We’ve all heard this statement many times before, but it’s spoken by those who don’t understand the proper role of a critic.
Who says that they are? They're just telling you what THEY like. And if you have a particular publication that consistantly likes the games u like (my only fave is gamespot, i think IGN isn't critical enough when reviewing), and has the same criticisms about issues u don't like in some games, than u found a match worth considering. U still don't have to worship every opinion they have though. Sorry but I won't just blindly buy a game anymore. With games being incomplete to sell dlc, microtransactions, pay to win model, etc I am not willing to pay $60 without some kind of insight as to what is in it and if the journey makes up for the initial cost. But at the end of the day, I o rely on user reviews. I trust those who were excited enough to get it day one, only to give it a bad review after paying $60. Nobody does that for no reason. I trust the opinions of those who bought it, more so than someone who never had to pay for it (corporate reviewer)and might have been paid/bribed/supported via ads by the game publisher who gave them an unpaid version of said game to review.
I rely on a mix of critic and user reviews when I buy games. I was told by another person on here to "try it for yourself, don't listen to critics". That'd be nice, if I didn't have to spend 60 dollars to "try" it. Unfortunately, I do have to rely on other people's opinions, but reading reviews from several trusted journalists has kept me from buying a bad game in at least ten years.
Yep. Watch Dogs got good reviews, but I waited. After 2 weeks the user reviews poured in and I new I was dealing with a slightly better-than-average game at best. Why pay $60 for that when I can buy like 3 $20 classics that I haven't played yet (Catherine, Dragon Age Origins, Demon's Souls, all of which are far more challenging games with a rewarding sense of accomplishment and are only $20 each). Sounds like a better use of my $60.
I use reviews to tell me what's in a game, not what I should think of what's in it. I already know what I like and what I'm willing to accept. I just need to know how that particular game "plays". So give me all the reviews and gameplay clips possible. I'll make up my own mind on what I see.
Reviews are meant to help you determine whether you want to purchase the item in question or not.
Can't you just, like, ignore them?
" A good critic doesn’t try to make a consumer feel stupid for purchasing or not purchasing a product. A good critic doesn’t try to explain why all “real gamers” should buy a certain title. It has nothing to do with elitist labels." True but sadly it often isnt like that . There have been multiple instances when do try to guilt or shame their public about a game they'd rave about , but wich ultimately failed in sales and/or public opinion . And on another matter , i can't and won't ever accept the huge disconnect between the preview period and the review . There have been too many cases , even with the previewers and critics being one and the same , where they go just above informing people about a title , but would rave and hype it to death . Only to admit it being mediocre and crap in reviews . in some cases , a whole year of constantly hyping of the game . Making it the second coming of jesus , even till the month before release ... only to suddenly discover , after extensive time with the products and its most apparent flaws , that those wasnt that awesome . I find the practice dishonest . And no it can't always just be chalked up to some hyped person having spent but a few minutes with the title . Some publications had quite the time to try the games at various stage of development and right before release . They just cared to be an infomercial for a year , and when faced again glaring issues that everyone could see , were pressed to tell the truth solely in the reviews .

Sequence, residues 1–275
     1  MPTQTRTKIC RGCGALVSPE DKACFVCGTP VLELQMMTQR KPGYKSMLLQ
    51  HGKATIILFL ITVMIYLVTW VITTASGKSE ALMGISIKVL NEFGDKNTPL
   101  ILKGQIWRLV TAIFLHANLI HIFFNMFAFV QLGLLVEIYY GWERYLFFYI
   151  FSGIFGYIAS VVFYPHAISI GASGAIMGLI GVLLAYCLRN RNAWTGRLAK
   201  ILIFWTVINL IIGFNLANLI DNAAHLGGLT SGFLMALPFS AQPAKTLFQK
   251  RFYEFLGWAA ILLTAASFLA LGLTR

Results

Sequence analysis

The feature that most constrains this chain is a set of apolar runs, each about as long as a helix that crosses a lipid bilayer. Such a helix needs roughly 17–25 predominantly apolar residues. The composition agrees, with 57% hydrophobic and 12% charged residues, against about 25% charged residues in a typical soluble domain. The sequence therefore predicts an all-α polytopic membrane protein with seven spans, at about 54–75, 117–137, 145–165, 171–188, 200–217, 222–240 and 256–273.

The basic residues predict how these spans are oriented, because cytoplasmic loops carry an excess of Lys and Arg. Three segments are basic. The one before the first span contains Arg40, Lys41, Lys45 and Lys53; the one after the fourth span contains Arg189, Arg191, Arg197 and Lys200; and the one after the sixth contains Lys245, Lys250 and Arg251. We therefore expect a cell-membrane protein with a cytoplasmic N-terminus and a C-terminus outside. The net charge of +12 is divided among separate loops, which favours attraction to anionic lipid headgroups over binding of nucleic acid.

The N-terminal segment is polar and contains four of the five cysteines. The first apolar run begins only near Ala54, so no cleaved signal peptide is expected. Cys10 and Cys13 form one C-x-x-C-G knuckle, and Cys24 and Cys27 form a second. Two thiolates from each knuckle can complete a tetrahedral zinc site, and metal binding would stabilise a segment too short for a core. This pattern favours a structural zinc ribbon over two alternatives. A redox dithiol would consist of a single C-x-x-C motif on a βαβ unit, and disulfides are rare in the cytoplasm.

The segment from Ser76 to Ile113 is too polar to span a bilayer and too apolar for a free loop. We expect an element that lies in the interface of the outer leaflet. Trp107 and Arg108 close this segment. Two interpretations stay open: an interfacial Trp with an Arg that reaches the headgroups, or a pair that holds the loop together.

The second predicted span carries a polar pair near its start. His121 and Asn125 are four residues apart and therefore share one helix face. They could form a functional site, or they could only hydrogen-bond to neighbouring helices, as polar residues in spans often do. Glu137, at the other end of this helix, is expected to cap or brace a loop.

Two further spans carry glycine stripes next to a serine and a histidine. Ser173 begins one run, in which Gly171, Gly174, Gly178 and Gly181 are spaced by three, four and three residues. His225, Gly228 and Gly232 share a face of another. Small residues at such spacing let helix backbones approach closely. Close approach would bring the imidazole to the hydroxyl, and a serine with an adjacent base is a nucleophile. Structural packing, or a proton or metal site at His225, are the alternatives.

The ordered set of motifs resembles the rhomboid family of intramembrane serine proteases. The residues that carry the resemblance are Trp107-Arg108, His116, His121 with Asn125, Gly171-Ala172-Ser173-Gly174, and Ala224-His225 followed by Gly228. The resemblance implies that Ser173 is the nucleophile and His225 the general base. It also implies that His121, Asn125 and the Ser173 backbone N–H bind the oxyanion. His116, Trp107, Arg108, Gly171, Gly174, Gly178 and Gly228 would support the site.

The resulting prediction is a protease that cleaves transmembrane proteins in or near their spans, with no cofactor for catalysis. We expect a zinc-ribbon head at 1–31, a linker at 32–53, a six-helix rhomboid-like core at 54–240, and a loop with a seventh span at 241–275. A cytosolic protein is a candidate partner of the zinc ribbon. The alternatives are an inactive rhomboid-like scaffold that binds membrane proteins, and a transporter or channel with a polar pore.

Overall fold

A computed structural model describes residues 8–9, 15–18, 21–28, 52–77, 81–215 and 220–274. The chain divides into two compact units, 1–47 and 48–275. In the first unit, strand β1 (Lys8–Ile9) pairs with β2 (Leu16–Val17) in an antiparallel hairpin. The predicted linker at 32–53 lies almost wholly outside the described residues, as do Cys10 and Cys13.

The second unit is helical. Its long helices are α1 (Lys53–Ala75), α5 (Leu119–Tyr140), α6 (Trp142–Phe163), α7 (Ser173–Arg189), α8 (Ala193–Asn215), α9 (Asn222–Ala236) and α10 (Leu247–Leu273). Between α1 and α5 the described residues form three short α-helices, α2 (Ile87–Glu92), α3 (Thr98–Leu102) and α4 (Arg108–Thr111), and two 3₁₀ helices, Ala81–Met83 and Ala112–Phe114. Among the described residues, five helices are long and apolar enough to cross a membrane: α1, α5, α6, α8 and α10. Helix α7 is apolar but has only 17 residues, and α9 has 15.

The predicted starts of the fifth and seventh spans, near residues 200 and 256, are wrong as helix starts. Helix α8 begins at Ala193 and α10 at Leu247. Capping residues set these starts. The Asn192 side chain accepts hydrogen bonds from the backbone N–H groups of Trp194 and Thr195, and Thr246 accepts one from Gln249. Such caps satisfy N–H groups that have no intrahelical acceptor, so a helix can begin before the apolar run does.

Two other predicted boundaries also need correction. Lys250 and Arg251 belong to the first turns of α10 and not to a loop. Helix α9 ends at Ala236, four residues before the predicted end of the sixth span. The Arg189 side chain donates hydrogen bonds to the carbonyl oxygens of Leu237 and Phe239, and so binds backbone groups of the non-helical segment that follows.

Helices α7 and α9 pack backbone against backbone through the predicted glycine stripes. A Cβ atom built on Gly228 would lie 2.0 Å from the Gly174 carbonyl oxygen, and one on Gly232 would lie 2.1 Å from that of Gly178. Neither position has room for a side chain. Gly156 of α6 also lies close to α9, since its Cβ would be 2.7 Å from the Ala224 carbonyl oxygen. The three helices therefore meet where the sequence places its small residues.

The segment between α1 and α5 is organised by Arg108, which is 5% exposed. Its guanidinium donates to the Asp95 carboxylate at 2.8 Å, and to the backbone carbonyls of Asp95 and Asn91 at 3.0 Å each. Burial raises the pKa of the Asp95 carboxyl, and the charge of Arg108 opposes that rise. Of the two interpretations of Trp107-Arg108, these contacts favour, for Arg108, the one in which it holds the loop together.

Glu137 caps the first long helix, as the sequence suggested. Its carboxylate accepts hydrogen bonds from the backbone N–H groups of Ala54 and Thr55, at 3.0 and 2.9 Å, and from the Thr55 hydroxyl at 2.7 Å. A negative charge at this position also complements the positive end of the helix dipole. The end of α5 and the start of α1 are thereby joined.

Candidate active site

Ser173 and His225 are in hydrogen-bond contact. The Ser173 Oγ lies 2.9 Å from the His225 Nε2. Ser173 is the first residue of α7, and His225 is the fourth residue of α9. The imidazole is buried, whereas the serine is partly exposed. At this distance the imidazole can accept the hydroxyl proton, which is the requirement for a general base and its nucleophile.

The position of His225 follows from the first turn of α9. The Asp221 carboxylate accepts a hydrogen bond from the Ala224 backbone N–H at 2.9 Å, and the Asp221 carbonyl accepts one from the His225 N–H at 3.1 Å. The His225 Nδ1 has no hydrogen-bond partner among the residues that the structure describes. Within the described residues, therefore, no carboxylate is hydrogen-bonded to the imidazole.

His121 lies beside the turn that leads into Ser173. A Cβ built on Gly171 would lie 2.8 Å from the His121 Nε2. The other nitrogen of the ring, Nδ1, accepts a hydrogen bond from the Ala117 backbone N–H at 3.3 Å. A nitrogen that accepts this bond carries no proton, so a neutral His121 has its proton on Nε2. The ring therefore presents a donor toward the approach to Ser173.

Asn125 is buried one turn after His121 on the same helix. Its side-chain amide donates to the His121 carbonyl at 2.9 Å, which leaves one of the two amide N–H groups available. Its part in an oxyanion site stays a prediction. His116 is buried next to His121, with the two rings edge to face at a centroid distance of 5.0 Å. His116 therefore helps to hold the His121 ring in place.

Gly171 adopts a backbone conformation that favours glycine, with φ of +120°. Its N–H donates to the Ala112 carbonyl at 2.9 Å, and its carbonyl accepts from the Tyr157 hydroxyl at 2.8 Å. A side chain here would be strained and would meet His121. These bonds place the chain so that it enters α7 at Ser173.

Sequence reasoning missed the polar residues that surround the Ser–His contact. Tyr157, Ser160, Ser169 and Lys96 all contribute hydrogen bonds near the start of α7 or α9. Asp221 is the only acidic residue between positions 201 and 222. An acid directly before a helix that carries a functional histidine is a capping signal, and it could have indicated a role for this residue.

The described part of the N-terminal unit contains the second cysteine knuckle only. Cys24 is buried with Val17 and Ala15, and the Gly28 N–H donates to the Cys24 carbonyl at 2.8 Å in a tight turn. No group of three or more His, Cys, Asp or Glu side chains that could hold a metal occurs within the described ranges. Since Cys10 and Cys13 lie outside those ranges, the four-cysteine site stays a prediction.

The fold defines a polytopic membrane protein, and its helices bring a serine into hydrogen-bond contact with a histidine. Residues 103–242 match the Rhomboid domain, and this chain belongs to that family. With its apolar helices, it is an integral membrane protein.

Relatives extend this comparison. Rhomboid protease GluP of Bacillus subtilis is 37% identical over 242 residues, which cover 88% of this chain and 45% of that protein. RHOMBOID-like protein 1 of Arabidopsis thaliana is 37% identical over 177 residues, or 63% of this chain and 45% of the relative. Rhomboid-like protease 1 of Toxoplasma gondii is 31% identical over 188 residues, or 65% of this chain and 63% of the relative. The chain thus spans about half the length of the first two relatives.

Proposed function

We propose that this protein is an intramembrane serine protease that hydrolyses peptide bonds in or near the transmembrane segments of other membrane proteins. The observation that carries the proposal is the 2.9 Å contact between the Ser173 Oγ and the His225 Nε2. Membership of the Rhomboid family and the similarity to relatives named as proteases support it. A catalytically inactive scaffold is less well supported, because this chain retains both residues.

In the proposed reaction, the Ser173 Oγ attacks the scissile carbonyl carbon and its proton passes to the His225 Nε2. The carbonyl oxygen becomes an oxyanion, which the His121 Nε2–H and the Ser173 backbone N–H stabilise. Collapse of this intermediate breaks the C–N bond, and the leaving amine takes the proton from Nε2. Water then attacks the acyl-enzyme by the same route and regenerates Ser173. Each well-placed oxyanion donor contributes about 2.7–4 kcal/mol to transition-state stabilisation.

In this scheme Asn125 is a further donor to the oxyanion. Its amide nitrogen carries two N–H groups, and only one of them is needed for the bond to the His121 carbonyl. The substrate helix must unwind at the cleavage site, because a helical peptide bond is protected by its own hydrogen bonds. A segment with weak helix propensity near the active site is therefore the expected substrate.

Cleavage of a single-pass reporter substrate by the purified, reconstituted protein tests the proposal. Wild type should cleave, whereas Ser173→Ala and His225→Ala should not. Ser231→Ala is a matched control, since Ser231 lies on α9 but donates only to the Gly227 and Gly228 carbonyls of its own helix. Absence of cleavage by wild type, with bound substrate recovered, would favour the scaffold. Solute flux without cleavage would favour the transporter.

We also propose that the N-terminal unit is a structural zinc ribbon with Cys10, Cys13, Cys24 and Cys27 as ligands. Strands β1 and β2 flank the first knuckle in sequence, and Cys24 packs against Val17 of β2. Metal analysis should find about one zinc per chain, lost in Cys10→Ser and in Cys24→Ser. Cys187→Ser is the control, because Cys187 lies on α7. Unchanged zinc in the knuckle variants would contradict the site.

Ideally a critic would tell you what THEY like, not what you should like. This is why I hate the phrase "must buy." Call it great; call it wonderful; call it the best, if you want. But when you say "must buy," then that's a critic indeed telling you what you should and shouldn't purchase. No. Don't do that. Tell me what you like and why you like it. End it there.
I like kotaku review system.. No score, just read. I also look at user reviews. That's about it.
This days we have trailers, demo, or video games rental so why we should listen to critics?
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